Third, whereas in Sodom, the mob consisted of “the people of the city, the people of Sodom, surrounded the house, both young and old, the entire populace from every end,” in Gibea, it was only “certain base fellows.”

Which brings us to our fourth distinction. Ramban points out that the mob in Gibea was ultimately satisfied with their rape of the concubine. Although they had initially demanded the Levite himself, their deplorable hunger was sated by his concubine, and the Levite himself remained unmolested, and did not need to be spirited out of the city. Ramban explains that this is because the wicked men of Gibea were steeped in sexual immorality and driven by sexual lust. Thus, although they initially demand sexual relations with the Levite himself, they were ultimately satisfied with the gang-rape of his concubine.

In Sodom, on the other hand, it wasn’t about sexual lust at all. Sodom was like an exclusive, gated community. The excellence of their land, which was “as the garden of G-d” (Genesis13:10), is what led them to settle there, and they took steps and formed policies designed to keep out the “riffraff.” Accordingly, they were extremely inhospitable to any guests or visitors, and despised charity. In fact, the Sodomites had only allowed Lot to join their community because he came the riches and wealth that he had amassed while in Abraham’s company. This is why our sages say: “One who says, ‘What is mine is mine and what is yours is yours’ – this is the trait of Sodom.” Because absent from that philosophy is any trace of compassion, the notion that if you need something, I will make what’s mine, yours. The Sodomites thus created a culture out of selfishness, greed and miserliness.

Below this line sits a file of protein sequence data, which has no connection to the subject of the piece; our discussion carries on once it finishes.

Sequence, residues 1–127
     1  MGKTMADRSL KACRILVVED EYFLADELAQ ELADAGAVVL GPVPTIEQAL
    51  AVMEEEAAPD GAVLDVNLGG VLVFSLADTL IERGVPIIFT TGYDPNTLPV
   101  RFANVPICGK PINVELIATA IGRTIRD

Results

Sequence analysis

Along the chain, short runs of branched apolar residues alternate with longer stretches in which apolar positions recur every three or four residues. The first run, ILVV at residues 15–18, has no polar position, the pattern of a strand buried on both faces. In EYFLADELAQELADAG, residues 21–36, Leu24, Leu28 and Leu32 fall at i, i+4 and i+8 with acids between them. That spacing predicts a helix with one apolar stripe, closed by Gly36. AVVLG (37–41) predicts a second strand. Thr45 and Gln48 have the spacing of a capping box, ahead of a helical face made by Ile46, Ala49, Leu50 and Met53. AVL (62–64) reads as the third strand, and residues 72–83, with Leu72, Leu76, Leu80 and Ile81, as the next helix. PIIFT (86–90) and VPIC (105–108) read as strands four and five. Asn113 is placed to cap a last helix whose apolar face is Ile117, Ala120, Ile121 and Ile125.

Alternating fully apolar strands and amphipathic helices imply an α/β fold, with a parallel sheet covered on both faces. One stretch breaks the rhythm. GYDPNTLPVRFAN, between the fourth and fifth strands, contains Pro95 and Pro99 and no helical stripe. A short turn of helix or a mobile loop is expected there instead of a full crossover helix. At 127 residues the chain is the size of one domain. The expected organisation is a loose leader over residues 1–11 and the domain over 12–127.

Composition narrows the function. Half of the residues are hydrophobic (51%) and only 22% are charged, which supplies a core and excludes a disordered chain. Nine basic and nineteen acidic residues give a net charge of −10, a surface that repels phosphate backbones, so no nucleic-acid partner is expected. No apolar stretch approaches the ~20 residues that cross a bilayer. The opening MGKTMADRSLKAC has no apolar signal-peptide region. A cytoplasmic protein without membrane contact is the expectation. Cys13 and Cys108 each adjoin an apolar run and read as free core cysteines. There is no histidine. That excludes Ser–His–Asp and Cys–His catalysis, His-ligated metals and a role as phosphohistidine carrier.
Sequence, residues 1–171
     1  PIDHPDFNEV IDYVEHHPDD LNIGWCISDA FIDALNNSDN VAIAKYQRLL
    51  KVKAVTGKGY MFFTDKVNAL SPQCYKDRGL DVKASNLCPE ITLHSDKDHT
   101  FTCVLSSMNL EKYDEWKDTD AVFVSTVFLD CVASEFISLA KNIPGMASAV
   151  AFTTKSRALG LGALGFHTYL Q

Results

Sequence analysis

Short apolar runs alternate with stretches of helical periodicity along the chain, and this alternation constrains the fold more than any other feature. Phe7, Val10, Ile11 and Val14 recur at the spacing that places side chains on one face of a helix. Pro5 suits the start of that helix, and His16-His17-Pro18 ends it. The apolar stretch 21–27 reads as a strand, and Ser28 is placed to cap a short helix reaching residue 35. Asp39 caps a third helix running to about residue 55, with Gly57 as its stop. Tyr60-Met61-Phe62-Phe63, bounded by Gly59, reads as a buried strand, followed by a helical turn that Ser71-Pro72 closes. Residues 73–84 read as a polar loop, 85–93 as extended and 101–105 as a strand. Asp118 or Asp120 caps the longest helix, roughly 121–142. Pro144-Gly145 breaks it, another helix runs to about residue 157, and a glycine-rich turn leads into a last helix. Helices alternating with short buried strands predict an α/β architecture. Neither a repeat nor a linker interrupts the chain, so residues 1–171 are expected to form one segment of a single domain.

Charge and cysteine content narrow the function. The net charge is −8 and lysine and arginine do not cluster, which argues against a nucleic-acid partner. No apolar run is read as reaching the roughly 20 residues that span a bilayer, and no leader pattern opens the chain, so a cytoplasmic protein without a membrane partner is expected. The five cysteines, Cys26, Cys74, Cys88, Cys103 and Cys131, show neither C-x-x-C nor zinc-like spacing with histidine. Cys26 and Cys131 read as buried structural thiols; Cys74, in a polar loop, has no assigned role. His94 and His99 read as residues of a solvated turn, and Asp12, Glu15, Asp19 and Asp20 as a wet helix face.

Indeed, the Talmud relates that “The men of Sodom were corrupted only on account of the good which G‑d had lavished upon them… They said: ‘Since there comes forth bread out of our earth, and it has the dust of gold, why should we tolerate wayfarers, who come to us only to deplete our wealth? Come, let us abolish the practice of lodging travelers in our land.'” Babylonian Talmud, Sanhedrin 109. “If a poor man happened to come there, every resident gave him a dinar, upon which he wrote his name, but no bread was sold to him. When he died, each came and took back his dinar.” Id. “A certain maiden gave some bread to a poor man, hiding it in a pitcher. When the matter became known, they daubed her with honey and placed her on the parapet of the wall, and the bees came and consumed her.”